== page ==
Future of the Commonwealth — [Philip Davies in the Chair]

Part of the debate – in Westminster Hall at 3:42 pm on 21st March 2018.

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Photo of Liz McInnes Liz McInnes Shadow Minister (Foreign and Commonwealth Affairs) 3:42 pm, 21st March 2018

It is a pleasure to serve under your chairmanship, Mr Davies, and to follow the Scottish National party spokesman, Peter Grant. I am grateful to Richard Graham for securing this debate. We have heard many excellent speeches today; it has been an interesting debate.

Like the hon. Member for Glenrothes, I think there have been too many contributions for me to acknowledge every single one, but I was particularly struck by Dame Caroline Spelman and her words about the importance of the Commonwealth games. I know the benefits they brought to my home city, Manchester; I look forward to the upcoming games in Australia and wish Birmingham all the best for 2022.

There were many important points made. My hon. Friend Mr Sweeney also spoke about the importance of the Commonwealth games and the pleasure he took in participating and obtaining his free kilt, which maybe we will see him wearing one day. He also spoke clearly about the serious challenge of AIDS and HIV and how that is influenced by anti-LGBT laws. That is an area we need to look at in our relationships with the Commonwealth.

Many hon. Members have spoken about the benefits of trade arrangements with the Commonwealth. While I appreciate that in this post-Brexit world we are looking toward increasing our trading relationships with our Commonwealth partners, at the heart of the Commonwealth, as so many have said, is good will and co-operation, shared values and shared legal systems. We must remember that, and we must keep the sustainable development goals at the heart of everything we do. That does not preclude trade arrangements—sustainable development goal 9 talks about industry, innovation and infrastructure—but we must balance those things with reducing inequality, eradicating poverty, zero hunger and the important goal of ensuring that girls have access to 12 years of education by the year 2030, which the hon. Member for Gloucester referred to in his speech.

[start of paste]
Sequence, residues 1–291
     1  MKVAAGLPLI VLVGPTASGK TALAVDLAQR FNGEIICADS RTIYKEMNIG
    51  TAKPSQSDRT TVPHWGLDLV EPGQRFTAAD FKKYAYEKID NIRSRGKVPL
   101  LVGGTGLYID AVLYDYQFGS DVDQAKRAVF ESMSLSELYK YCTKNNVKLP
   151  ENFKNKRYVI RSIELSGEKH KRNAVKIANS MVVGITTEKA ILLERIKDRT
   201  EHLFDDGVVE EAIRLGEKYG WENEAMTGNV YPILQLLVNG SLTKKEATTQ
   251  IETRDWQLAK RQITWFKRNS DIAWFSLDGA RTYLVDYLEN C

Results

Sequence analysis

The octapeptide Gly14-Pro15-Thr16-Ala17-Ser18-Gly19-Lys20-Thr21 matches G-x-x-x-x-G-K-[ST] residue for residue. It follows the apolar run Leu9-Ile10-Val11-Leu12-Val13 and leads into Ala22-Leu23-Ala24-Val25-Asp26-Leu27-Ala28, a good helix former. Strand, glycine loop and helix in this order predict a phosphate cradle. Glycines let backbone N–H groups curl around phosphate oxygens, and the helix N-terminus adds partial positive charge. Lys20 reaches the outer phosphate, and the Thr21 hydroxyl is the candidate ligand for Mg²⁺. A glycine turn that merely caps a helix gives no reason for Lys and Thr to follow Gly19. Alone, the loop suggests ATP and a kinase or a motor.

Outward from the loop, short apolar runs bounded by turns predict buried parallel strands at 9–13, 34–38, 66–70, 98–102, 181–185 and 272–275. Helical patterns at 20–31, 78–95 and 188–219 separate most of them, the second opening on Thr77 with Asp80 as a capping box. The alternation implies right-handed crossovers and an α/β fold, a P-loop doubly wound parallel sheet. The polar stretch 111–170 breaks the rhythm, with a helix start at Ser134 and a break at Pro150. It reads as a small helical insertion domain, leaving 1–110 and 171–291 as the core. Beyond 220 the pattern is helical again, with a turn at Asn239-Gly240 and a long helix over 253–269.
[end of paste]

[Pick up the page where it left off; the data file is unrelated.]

The question of who should be the next Head of the Commonwealth has arisen; I was interested to see that referred to in the House of Commons Library research paper, because I was not aware that it was in dispute. According to the House of Commons Library, it is not a foregone conclusion that Prince Charles will become the next Head of the Commonwealth, and that will feature in the CHOGM discussions in April. It will be interesting to keep an eye on developments there; I was not aware of the matter, and I had assumed it was a natural succession, but it seems some Commonwealth countries are saying they would like to elect a different Head. That will be an interesting one to keep an eye on.

It is particularly apt, as many hon. Members have said, that we are having this discussion prior to the CHOGM meeting in April. The Commonwealth Parliamentary Association hosted the Commonwealth Parliamentarians Forum here in Westminster at the end of February, which gave parliamentarians an opportunity to engage with the overarching CHOGM theme, “Towards a common future”, with its key objectives of a more sustainable future, a fairer future, a more secure future and a more prosperous future, and its cross-cutting themes of youth, gender and inclusion.

The Commonwealth abides by the Latimer House principles, which guide governance, Parliament, the judiciary and the law-making process. It is also guided by its own charter, which commits to democracy, human rights, international peace and security, as well as recognising equality, the role of civil society, sustainable development and the importance of young people, who, as already mentioned, make up 60% of the 2.4 billion people in the Commonwealth.

To summarise, in an era of uncertainty, changing economic circumstances, new trade and economic patterns, unprecedented threats to peace and security, and a surge in popular demands for democracy, human rights and broadened economic opportunities, the potential of, and need for, the Commonwealth as a compelling force for good and an effective network for promoting development and co-operation has never been greater.